The Armstrong Lie: Oscar-winning director Alex Gibney (Enron: The Smartest Guys in the Room, Taxi to the Dark Side) was hired in 2009 to make a film about Lance Armstrong’s triumphant return to cycling after defeating cancer. But the intensifying rumors accusing Armstrong of using illegal performance-enhancing drugs changed the focus of the documentary.
Delivery Man: Writer-director Ken Scott remakes his own French-Canadian 2011 comedy Starbuck. Vince Vaughn plays the underachiever who discovers his donations at sperm banks over a 20-year period made him the father of 533 children, many of whom suddenly want to meet him.
The Hunger Games: Catching Fire: After winning the 74th Hunger Games competition, Katniss (Jennifer Lawrence) and Peeta (Josh Hutcherson) go on a victory tour that inadvertently sparks a rebellion. Director Francis Lawrence (I Am Legend, Constantine) takes over from Gary Ross, who managed the seemingly-impossible by turning the first novel into a crushingly dull film.
Nebraska: Director Alexander Payne (The Descendants, Election, Sideways) gets out of his comfort zone by collaborating with a new screenwriter (Bob Nelson) and using black-and-white film to tell the story of a cranky old drunk (Bruce Dern) who goes on a road trip with his reluctant son (Will Forte) from Billings to Lincoln to claim a million-dollar magazine sweepstakes prize.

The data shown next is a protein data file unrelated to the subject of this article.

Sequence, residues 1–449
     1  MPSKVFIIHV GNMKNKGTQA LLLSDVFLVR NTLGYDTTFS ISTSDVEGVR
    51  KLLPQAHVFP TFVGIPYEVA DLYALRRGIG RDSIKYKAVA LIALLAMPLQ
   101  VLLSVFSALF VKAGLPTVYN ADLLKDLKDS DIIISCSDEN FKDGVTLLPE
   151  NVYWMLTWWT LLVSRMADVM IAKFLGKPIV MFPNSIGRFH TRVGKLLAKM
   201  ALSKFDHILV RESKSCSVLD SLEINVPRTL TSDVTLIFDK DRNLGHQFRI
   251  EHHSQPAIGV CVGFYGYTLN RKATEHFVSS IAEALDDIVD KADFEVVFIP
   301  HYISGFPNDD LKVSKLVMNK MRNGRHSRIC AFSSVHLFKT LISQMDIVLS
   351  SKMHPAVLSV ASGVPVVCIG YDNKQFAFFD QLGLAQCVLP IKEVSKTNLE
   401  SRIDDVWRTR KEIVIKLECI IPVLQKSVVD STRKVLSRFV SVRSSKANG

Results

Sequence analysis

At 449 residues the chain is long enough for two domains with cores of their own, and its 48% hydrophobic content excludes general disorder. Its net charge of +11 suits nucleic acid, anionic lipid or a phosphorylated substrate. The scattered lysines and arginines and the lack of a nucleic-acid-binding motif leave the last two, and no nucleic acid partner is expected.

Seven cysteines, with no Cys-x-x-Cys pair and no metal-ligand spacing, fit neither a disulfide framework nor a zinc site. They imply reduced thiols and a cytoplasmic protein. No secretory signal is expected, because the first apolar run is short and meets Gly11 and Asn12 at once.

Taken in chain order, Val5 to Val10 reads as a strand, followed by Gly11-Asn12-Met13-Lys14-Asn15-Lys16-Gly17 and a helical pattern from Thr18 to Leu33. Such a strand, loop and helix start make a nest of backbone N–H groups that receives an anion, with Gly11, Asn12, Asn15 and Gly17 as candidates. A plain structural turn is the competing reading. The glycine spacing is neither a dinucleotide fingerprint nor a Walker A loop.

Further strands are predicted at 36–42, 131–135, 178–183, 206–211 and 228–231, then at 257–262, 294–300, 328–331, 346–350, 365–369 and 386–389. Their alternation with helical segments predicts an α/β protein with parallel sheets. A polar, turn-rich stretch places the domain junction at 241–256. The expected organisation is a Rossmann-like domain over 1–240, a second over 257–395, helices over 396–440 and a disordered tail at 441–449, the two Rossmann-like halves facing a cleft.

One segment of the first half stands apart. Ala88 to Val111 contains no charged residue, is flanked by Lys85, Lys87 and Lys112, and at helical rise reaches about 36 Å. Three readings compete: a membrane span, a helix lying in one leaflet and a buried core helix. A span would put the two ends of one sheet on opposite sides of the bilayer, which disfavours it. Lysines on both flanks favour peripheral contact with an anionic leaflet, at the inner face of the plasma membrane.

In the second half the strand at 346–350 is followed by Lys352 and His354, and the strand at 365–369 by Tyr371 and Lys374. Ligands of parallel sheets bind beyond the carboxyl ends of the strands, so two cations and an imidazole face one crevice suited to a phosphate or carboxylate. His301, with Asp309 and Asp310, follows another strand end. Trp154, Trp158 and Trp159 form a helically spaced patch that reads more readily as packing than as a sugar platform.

Black Nativity: Kasi Lemmons (Talk to Me) wrote and directed this adaptation of Langston Hughes’ play about a Baltimore teen (Jacob Latimore) being raised by a single mother (Jennifer Hudson) who spends Christmas with his estranged — and strict —relatives (Forest Whitaker and Angela Bassett).
Frozen: Kristen Bell, Alan Tudyk and Jonathan Groff provide the voices for this animated Disney adventure set in a kingdom trapped in an eternal winter by an evil Snow Queen.
Homefront: Sylvester Stallone wrote the script for this adaptation of Chuck Logan’s novel about a retired DEA agent (Jason Statham) who moves his family to a quiet small town, where he inadvertently makes an enemy of the local meth lord (James Franco).
Oldboy: The trailers for Spike Lee’s remake of Chan-wook Park’s seminal 2003 thriller make the movie look like a shot-for-shot recreation, although there may be some critical plot differences. Josh Brolin stars as the man trying to find out who kidnapped him and held him in solitary confinement for 20 years. It’s hammer time.
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- 'Pan' (PG)
- 'He Named Me Malala' (PG-13)
- 'Freeheld' (PG-13)